Section B – TWO questions ONLY to be attemptedPlantex is a large international pharmaceuti

Section B – TWO questions ONLY to be attempted

Plantex is a large international pharmaceutical company which has been at the forefront of research into developing cures for many tropical diseases. The nature of its business means that continuous and significant financial investment is required for research and development activities, for which its shareholders expect sizeable returns.

At a recent meeting of the board of Plantex, the finance director, Rachel Tang, submitted a paper on integrated reporting <IR> for discussion and consideration. She advised the board that Plantex had only ever disclosed the minimum information which it was required to by law, but recent developments in the International Integrated Reporting Framework has made a very strong case for broadening the amount of published corporate information.

The primary objective of <IR> is to demonstrate the clear link between a firm’s competitive strategy, governance system and financial performance, alongside the social, environmental and economic context within which the firm operates. Rachel Tang claimed that by integrating these different areas, the board of Plantex would be in a far better position to allocate its valuable resources more effectively and thereby make more environmental and socially sustainable decisions.

The chairman was highly supportive of the proposal as he had been trying to encourage a corporate citizenship agenda at recent board meetings. He suggested that <IR> would demonstrate that Plantex took corporate social responsibility seriously by being more transparent, accountable and responsive to its stakeholders’ demands.

Rachel Tang further asserted that <IR> would have the effect of simplifying published financial information, with excessive detail being removed and critical information being highlighted. If Plantex voluntarily adopted <IR> , its shareholders, and other stakeholders, would better understand how the firm was really performing and so be able to make a meaningful assessment of the firm’s long-term strategy. This openness could encourage further investment and strengthen the firm’s competitive position.

The chief executive, Stanley Broadway, suggested that this all sounded very good in theory, but he found it hard to justify the extra expense without any recognisable return to shareholders. He said it was ‘just another costly management fad that distracted the company from its real purpose – making money for its shareholders!’


(a) Explain the concept of corporate citizenship and assess the rights and responsibilities of Plantex as a corporate citizen of society. (7 marks)

(b) Describe the differing opinions about integrated reporting of Rachel Tang and Stanley Broadway and assess them using the relevant Gray, Owen & Adams positions on social responsibility. (6 marks)

(c) (i) Describe the advantages to Plantex and its stakeholders of adopting . (6 marks)

(ii) Explain how using an approach will provide information about the six capitals including the resources and relationships on which Plantex depends. (6 marks)


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  • 发布时间:2018-02-26
Branscombe Co has been supplying and fitting premium bathrooms and kitchens in hotel chains throughout Effland for the past 20 years. The company started as a small family concern, but because of the rapid growth it experienced and an associated need for additional capital, it was recently listed on the national stock exchange by an initial public offering.To remain fully compliant with the Effland corporate governance code, the board established audit, remuneration and nomination committees which were solely populated by independent non-executive directors. However, it did not consider it necessary to create a separate risk committee because the board believed that the remit of the audit committee included all aspects of risk management policy. This explanation was formally submitted to the shareholders at its first general meeting, who agreed with the board’s proposal.As part of its expansion strategy, the board of Branscombe Co decided it needed to enter overseas markets, and in particular the developing country of Geeland. The reason that Geeland was selected as a suitable market was because it had experienced rapid economic growth and domestic prosperity following the discovery of rich, offshore mineral deposits. Unfortunately, this small island nation has never enjoyed stable democratic government and is notorious for corrupt business practices, with customs officials regularly demanding bribes from both importers and exporters. As a result, Geeland has a poor international credit rating. In order to attract both domestic and foreign inward investment, the government of Geeland operates with very low levels of indirect tax, which has stimulated the island’s tourist industry and led in turn to a significant increase in hotel building.Following a successful tendering exercise, Branscombe Co was awarded the contract to supply all of the bathroom equipment for a 200-room hotel, currently under construction in a remote area of the island. The total value of the supply contract amounted to Geeland $1,800,000, and it was to be paid in three equal instalments as the bathrooms were delivered to the hotel. The contract assigns responsibility for shipping the goods the 3,000 km from Effland to the island solely with Branscombe Co, and no payment will be made until an agreed volume of goods clears Geeland customs. A further problem is that the Geeland dollar is quite volatile, but recently it has been strengthening against the Effland dollar. As all contract payments are to be made in Geeland currency, Branscombe Co is exposed to foreign exchange risks.The many contract-related issues amount to significant risks to Branscombe Co requiring effective management if the supply contract is to be a success and contribute to the company’s ambitious growth targets.Required:(a) Explain the function and roles of a risk committee within an effective corporate governance framework, and discuss the advantages which a risk committee could add to the governance of Branscombe Co. (10 marks)(b) Explain the term risk appetite, and assess how the risk appetite of Branscombe Co has influenced both its corporate strategy and the risks it has chosen to bear. (7 marks)(c) Explain how Branscombe Co could effectively control the strategic and operational risks which arise from the Geeland supply contract. (8 marks)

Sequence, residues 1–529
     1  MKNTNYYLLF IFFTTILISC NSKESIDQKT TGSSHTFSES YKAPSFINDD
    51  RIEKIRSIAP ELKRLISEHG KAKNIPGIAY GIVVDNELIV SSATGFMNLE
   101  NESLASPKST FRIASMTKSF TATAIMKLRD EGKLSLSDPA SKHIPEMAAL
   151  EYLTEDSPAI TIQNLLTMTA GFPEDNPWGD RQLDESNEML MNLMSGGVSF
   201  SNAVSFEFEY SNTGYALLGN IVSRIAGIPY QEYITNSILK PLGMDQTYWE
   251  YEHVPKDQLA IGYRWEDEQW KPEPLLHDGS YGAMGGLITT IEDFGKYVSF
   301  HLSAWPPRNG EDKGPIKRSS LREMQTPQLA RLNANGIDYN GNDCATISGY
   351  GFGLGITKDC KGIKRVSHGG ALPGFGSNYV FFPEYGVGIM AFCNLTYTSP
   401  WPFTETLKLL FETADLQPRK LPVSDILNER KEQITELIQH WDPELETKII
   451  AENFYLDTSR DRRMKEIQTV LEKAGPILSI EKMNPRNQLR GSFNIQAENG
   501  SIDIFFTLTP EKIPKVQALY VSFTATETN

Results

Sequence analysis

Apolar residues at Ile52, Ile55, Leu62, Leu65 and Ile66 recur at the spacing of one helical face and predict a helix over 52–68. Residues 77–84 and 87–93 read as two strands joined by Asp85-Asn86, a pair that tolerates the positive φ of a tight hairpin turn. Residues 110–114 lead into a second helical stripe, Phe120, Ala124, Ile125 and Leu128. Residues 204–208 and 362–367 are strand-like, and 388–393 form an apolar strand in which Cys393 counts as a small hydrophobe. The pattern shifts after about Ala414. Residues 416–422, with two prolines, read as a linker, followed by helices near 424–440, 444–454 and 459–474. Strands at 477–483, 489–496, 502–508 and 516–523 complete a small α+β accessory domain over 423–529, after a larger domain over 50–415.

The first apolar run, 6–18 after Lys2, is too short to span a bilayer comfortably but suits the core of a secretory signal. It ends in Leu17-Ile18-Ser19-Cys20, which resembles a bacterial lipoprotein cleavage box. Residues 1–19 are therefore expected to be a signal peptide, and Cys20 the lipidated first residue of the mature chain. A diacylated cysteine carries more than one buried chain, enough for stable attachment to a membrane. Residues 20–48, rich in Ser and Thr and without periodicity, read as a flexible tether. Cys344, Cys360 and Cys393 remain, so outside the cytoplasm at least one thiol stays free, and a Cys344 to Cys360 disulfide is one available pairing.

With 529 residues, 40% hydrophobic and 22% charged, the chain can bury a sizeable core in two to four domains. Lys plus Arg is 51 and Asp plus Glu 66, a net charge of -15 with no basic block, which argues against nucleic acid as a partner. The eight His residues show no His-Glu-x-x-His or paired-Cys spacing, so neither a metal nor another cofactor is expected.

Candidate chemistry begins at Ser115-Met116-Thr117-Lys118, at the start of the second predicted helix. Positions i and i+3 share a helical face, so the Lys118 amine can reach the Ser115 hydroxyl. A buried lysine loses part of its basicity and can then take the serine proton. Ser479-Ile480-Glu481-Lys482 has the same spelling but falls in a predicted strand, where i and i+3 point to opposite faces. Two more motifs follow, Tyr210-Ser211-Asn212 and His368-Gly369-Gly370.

When MRA was shortlisted for a valuable contract for the development of a coastal defence system for another country, it was contingent on the payment of a facilitation fee to an official in the defence ministry. Clearly this was an unusual request but it was also made very clear that MRA would not be awarded the contract, worth $2 billion over 10 years, unless the relatively modest sum of $1 million was paid immediately.Recently, business activity in the defence sector had been very slow, and MRA was about to announce around 500 staff redundancies. Therefore news that this contract was about to be awarded came as a great relief to the board of MRA, as the jobs would now be secured. However, only the chief executive officer (CEO) and operations director knew about the facilitation fee, so an emergency meeting of the board was convened with only one item on the agenda.Due to the very sensitive nature of the matter at hand, it was decided not to make a formal record of the discussions at the board meeting. This was more likely to result in a frank exchange of views and encourage all directors to express their opinions openly.The CEO, Charlie Desborough, explained the dilemma to the board, making it very clear that without this contract there would be no way to protect jobs. The finance director, Jake Neilson, said that he was personally very uncomfortable with the idea of paying a facilitation fee, which was in effect a ‘bribe’. As a professional accountant he was bound by a code of ethics which strictly prohibited making such payments, therefore he could not sanction the payment under any circumstances.The HR director, Sarah Shue, took a far more pragmatic stance. She acknowledged that any form. of corruption was utterly deplorable; however, it was a fact of life in many countries. She asserted that if the board of MRA decided not to make the payment and forego the contract, then it could be assured that a competitor would not adopt such a high-minded position. The net effect was that by avoiding a relatively small payment, the firm would be doing a disservice to both its employees and its shareholders, who would undoubtedly suffer a reduction in their shareholder value. She maintained that sometimes it is necessary to take difficult decisions in business that are for the greater good, and so suggested that the payment to the official should be made.Required:(a) (i) Compare relativism and absolutism and explain the significance of individual or personal differences in guiding ethical behaviour under each approach in a given scenario such as the situation at MRA. (5 marks)(ii) Explain the ethical theories of deontology and teleology or consequentialism, and analyse which of the approaches have been adopted by Sarah Shue and Jake Neilson. (6 marks)The involvement of directors in bribery and corruption can seriously undermine the relationships of trust upon which corporate governance is based.Required:(b) (i) Assess how bribery and corruption could undermine confidence and trust in MRA, with reference to the principles of corporate governance. (8 marks)(ii) Describe best practice measures which could be employed by MRA to combat bribery and corruption. (6 marks)